How many people are employed in the country’s formal and non-formal sectors?
How many people in the country are unemployed or employed on short-term contracts?
The answer to these questions is big ‘no’ or ‘know ’ for neither formal nor structured data is available on the latest unemployment rate. This is what the Pakistan Economic Survey of 2017-2018 states, which is responsible for coming up with such data in the country. The last know figure about unemployment was 5.9 per cent for the year 2014-2015.
There is no data on jobs or joblessness for 2016-2017 and 2017-2018. In the absence of data, how can policymakers make good policies?
In the last five years, there has been a lot of economic progress in the country. Despite the economic growth trajectory recorded in the past five years, the level of unemployment has been rising. People are losing jobs and facing troubles. There is need to bridge the gap between employers and skilled persons, implement skill development schemes and self-employment programmes. The Punjab government set up the first ever job placement center, designed to facilitate and provide career counseling to job-seekers.
Independent economists question the official data on unemployment. According to Dr Hafiz Pasha, who wrote an article in Business Recorder, the rate of joblessness as per reported in the Household Integrated Survey of 2015-16 is almost nine per cent.
He says that according to the Labour Force Survey of 2014-15, the rate of unemployment is six per cent as per reported by the Pakistan Bureau of Statistics. The contradiction in number leads to suspicions towards the data generated by the government data. The youth unemployment went up from 6.5 per cent in 2007 to 9.1% in 2015 as was mentioned in the National Human Development Report.
According to Dr Pasha, in urban centres, the level of unemployment is especially high among females and highly educated workers. He explains it further with an example that 20pc of the youth labour with post-graduate qualifications is without jobs.
The population in 10 major cities has increased by 74.8% as was reported in the latest Population Census comparing with the last census was held, which shows the significant movement of people from rural to urban areas in search of jobs and opportunities.
To control this migration of people, the government has taken an initiative for rural economy in the planning commission to promote sustainable and inclusive growth across the countryside. But the incursion of job-seekers in Karachi continues, especially from rural Sindh. He stressed policymakers to focus on living standards of the teeming millions regardless on economic growth that measures national income. To resolve unemployment, evolve an indigenous egalitarian model for economic development.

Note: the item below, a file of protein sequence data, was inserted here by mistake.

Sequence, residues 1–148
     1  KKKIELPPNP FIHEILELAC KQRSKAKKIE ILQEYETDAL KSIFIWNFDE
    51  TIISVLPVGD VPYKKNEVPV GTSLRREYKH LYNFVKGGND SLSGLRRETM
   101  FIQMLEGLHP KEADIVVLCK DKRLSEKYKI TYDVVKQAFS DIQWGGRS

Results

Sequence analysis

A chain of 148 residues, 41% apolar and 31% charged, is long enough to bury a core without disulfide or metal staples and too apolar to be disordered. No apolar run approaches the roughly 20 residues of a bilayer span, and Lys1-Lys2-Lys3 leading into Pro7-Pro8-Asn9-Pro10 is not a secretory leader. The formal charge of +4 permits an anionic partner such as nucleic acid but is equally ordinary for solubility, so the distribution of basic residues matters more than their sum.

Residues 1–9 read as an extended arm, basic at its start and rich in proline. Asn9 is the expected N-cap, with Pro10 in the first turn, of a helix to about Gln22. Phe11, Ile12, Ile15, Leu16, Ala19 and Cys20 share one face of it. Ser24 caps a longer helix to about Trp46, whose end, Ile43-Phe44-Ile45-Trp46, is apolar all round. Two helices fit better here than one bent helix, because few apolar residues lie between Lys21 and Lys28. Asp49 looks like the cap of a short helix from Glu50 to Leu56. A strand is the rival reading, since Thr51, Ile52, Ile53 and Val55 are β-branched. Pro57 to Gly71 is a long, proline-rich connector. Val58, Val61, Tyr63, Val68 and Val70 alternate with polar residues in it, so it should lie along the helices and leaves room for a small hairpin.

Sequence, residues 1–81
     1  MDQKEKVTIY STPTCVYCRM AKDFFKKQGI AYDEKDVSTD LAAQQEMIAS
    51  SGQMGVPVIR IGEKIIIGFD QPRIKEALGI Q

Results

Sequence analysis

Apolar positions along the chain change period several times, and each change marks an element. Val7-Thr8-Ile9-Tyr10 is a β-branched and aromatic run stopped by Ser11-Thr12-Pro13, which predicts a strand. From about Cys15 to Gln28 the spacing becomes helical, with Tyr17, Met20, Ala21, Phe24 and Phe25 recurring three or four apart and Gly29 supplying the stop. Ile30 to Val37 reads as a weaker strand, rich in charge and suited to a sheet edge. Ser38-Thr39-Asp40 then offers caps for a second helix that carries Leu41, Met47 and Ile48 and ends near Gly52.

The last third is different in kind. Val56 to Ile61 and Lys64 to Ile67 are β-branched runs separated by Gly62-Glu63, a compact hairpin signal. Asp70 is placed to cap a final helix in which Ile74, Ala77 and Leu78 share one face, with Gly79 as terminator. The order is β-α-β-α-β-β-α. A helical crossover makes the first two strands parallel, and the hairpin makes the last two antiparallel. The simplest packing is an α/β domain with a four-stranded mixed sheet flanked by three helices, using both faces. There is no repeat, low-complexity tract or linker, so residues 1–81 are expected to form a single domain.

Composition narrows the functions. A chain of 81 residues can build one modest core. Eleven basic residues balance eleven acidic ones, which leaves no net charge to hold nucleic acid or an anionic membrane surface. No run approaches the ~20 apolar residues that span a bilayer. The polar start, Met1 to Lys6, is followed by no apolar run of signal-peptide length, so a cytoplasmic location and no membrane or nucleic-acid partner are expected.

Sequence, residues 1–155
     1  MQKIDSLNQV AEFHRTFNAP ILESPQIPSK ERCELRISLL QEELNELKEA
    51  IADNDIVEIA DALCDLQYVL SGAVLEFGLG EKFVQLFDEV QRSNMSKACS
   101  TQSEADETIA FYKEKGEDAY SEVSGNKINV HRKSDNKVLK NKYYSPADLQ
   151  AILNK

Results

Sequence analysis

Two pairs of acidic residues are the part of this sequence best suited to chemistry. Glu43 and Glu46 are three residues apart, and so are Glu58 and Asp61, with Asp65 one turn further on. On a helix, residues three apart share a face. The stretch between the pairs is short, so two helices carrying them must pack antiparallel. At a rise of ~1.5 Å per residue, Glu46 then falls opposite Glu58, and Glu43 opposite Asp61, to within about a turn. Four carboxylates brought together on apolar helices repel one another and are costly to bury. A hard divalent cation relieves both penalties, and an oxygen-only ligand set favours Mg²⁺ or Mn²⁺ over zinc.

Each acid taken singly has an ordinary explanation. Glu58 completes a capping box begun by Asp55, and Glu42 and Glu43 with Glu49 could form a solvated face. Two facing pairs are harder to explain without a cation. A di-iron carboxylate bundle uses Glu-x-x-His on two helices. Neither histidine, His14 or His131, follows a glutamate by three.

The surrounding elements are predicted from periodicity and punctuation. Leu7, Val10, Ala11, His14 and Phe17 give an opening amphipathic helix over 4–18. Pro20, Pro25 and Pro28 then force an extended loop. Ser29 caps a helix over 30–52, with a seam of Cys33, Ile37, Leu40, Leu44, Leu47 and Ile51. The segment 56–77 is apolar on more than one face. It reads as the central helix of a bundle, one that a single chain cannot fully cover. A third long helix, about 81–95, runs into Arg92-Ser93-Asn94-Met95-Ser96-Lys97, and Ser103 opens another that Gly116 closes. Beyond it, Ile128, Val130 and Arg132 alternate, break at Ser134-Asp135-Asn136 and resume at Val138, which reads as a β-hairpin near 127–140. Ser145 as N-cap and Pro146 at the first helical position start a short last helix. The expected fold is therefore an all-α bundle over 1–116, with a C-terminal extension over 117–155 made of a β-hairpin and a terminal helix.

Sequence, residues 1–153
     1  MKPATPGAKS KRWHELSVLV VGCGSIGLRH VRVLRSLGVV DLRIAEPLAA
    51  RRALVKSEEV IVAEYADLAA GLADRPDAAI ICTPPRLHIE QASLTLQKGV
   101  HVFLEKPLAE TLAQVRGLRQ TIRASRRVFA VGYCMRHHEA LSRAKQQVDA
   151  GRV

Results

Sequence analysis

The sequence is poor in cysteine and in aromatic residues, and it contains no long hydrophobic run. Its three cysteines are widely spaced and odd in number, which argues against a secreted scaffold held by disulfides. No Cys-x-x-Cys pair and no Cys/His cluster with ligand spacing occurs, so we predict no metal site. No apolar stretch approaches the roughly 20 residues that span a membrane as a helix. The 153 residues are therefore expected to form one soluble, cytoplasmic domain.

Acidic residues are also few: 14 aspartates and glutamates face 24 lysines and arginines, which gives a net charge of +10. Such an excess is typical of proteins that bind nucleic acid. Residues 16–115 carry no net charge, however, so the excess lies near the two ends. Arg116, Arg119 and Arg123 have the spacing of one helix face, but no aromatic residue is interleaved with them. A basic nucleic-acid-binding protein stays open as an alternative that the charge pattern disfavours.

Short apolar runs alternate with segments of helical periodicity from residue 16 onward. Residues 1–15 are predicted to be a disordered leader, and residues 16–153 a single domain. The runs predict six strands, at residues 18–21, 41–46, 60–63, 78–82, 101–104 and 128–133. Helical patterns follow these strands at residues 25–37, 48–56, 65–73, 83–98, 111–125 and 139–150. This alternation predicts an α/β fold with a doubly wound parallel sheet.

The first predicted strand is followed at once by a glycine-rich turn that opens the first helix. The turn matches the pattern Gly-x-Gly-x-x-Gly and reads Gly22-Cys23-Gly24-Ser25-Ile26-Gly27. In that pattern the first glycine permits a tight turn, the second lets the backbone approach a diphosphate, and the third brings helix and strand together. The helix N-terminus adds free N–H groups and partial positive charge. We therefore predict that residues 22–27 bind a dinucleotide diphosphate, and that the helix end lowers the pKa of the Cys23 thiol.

There are various reasons which cause the problem of the unemployed or underemployed labour force at a critical level. Information and communication technology, information technology and a cheaper labour contract system cut costs and improve productivity by shedding labour in a drive for mainstream economic activity.
Not enough jobs are being created for the youth force for the reasons there are minor investments in greenfield projects that provide more jobs than the consolidation of businesses. Meanwhile, Chinese workers and experts are competing with Pakistani labour in the China Pakistan Economic Corridor projects leaving a little room for their Pakistani counterparts.
There has been no policy in place to produce enough jobs for the quality of economic growth. Creating jobs is becoming an art or science but unfortunately, job creation has turned into a global problem, so this issue should be seen from a broader perspective of a transforming world.
To work for the common good, the elitist economic model needs a strong egalitarian bias. The concept of public welfare was deeply entrenched whereas the traditional welfare state is withering away even in the developed economies of Europe.
In all, the Concept of Sustainable Development Goals, which is the best substitute that has so far surfaced at the international level, needs to be taken up. With the SDGs concept, individuals are empowered to earn their livelihood and empowered communities to resolve their problems in a fast-changing economic environment.
SDGs have to be a joint project of the state, business, and active citizenry to achieve the targeted goals. A resolution supporting the SDGs was passed by Parliament and the National Assembly also has set up an SDGs Centre.
At the federal level and in Punjab, similar centers have also been established. The process of setting up of such units in other provinces is underway reported in last year’s economic survey. But no progress is seen in this year’s survey.
It seems that policymakers’ commitment to SDGs is very weak. The involvement of political parties creating troubles in the implementation of the SDG because they have their own benefits and no interest in the social welfare, is leading us to the lack of creativity in the development of economic science.
Here, a relevant quote from a recent article in The Economist is apt to be stated: “Economics enjoys greater influence over policy than other social sciences. Striking new finds are published by researchers and their institutions, promoted by like-minded interest groups and politicians and amplified by social media.
“Conflicting results and corrections are often ignored. It is wise to be skeptical about a single result.”
Policymakers in Pakistan should focus on the living standards of the teeming millions regardless of economic growth that measures national income. To resolve the problem of unemployment evolve an indigenous egalitarian model for economic development and tackle accumulating issues in public welfare.